Last season, our chances of winning games were low if our opponents scored over 5 runs. This season, we had trouble winning mid week games, because we couldn’t score enough runs against teams like Presbyterian and Citadel. Pitching injuries or not, you can’t score 3 or 4 runs against teams like the Citadel or North Florida and expect to be competitive.
A number of times this season, our pitchers have pitched lights out, only for our hitters to bring in one or two runs in a loss. Moments such as these are just unfair to your pitchers, who more than once, have done everything they could, only to lose the game.
Pull up ESPN and watch some of the NCAA tournament games. Tell me how many 3 and 4 run games you see. Very few? Then how on earth are we going to compete with these types of teams next season?
Way Too Many Questionable Decisions
Kingston has made calls and made statements this season that would have, even the kids on the playground at Founders scratching their heads. From in game decisions, to downright ridiculous post game interviews, Kinston has honestly established himself as laughing stock with Carolina fans this season.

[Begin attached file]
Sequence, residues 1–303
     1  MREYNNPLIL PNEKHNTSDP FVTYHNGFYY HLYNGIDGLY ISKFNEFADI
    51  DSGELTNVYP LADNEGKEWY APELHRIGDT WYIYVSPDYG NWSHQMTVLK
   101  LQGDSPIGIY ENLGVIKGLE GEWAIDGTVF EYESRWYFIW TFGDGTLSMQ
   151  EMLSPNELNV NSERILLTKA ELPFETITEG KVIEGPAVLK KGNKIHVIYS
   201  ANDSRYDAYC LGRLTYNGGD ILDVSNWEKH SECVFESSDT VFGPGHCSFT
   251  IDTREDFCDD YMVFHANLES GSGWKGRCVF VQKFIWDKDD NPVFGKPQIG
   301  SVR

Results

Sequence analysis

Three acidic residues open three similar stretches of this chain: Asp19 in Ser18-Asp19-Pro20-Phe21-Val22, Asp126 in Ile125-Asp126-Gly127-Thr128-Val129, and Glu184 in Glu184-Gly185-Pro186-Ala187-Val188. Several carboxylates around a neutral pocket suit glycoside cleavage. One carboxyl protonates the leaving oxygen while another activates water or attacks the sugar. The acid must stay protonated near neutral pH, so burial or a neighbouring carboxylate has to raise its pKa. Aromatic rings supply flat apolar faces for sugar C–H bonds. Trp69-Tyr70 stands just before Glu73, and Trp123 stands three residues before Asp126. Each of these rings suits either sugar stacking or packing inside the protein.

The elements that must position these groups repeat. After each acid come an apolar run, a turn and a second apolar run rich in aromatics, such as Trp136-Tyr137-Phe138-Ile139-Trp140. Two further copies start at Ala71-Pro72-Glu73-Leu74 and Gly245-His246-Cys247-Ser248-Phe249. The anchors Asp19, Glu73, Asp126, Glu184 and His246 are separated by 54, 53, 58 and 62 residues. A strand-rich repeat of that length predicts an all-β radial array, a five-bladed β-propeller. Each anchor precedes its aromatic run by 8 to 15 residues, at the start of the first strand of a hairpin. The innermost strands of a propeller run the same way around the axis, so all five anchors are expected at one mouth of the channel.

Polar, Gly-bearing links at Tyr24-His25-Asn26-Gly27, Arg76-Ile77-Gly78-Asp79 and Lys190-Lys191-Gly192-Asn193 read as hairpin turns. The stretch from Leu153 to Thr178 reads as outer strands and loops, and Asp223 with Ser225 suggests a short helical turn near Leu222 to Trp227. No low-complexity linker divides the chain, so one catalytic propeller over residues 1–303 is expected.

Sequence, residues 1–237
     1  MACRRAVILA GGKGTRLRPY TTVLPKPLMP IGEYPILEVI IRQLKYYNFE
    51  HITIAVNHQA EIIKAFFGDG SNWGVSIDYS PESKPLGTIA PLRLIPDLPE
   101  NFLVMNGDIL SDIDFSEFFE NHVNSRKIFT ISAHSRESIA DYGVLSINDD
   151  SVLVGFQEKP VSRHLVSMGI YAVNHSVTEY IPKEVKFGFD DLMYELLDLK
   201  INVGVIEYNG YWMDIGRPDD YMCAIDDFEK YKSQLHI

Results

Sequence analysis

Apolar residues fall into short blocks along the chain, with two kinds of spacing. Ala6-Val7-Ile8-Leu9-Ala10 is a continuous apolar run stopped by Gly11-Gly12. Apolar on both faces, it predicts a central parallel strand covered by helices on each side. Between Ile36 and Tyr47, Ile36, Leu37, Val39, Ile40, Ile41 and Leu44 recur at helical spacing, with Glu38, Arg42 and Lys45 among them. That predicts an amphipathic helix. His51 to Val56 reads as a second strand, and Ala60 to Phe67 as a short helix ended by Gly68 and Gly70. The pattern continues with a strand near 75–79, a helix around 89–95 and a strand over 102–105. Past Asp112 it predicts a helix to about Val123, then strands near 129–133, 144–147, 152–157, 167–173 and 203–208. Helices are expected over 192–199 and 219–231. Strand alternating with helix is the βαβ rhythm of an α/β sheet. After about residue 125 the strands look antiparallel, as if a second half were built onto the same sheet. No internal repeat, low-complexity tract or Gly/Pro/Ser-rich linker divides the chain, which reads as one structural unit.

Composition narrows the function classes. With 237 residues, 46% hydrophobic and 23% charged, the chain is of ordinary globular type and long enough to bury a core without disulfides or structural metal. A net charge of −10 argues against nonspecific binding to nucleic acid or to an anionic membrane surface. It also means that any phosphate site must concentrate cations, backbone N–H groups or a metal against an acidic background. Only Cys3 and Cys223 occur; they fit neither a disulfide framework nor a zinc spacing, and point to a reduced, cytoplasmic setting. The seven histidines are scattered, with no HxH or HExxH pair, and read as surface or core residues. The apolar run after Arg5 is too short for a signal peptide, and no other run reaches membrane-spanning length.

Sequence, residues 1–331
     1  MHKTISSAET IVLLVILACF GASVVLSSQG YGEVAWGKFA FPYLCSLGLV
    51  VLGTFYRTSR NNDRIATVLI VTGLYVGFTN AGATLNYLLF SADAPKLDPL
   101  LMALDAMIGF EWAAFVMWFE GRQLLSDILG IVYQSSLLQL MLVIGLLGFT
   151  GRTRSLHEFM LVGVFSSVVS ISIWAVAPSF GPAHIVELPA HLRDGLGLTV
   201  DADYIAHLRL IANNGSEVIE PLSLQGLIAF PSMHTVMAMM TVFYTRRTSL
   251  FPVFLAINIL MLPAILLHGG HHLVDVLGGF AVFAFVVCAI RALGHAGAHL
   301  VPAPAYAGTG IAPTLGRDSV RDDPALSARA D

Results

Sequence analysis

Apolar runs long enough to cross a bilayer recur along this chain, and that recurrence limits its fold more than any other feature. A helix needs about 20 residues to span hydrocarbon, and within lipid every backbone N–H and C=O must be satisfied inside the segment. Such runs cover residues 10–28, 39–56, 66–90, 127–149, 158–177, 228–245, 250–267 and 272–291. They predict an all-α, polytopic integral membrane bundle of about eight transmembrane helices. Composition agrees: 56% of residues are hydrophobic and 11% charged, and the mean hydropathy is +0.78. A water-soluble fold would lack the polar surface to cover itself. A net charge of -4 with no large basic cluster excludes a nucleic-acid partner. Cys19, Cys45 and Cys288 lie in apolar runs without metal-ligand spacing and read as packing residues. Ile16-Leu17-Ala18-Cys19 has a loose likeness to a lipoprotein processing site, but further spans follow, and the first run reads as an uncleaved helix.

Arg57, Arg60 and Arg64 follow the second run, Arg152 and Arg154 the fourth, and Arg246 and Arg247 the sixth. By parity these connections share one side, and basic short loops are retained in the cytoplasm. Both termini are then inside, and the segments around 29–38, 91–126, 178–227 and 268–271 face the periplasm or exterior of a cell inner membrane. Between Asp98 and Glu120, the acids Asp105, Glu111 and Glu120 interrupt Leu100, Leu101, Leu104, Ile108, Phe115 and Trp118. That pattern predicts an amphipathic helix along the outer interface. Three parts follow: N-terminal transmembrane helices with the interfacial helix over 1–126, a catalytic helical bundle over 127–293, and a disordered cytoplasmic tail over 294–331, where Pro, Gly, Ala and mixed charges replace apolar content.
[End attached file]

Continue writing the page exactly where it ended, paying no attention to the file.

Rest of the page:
I’ll definitely cut the man some slack. Pitching injuries this season forced Kingston into some difficult situations. However, decisions such as, sending your game 3 starter to close out the 9th inning when you’re up 7 runs is just mind numbing.
That’s okay though, because next week we’ll have a closer start a Friday night game against a ranked opponent. Pitching injuries or not, these actions were simply inexcusable on Kingston’s end.
Second off, Kingston’s interviews and answers for and after losses have been absolutely loaded with excuses. After bad losses you expect a coach to come out and say, “we played terrible and that’s on me. We’ll make some changes in practice, and come out fighting next weekend.”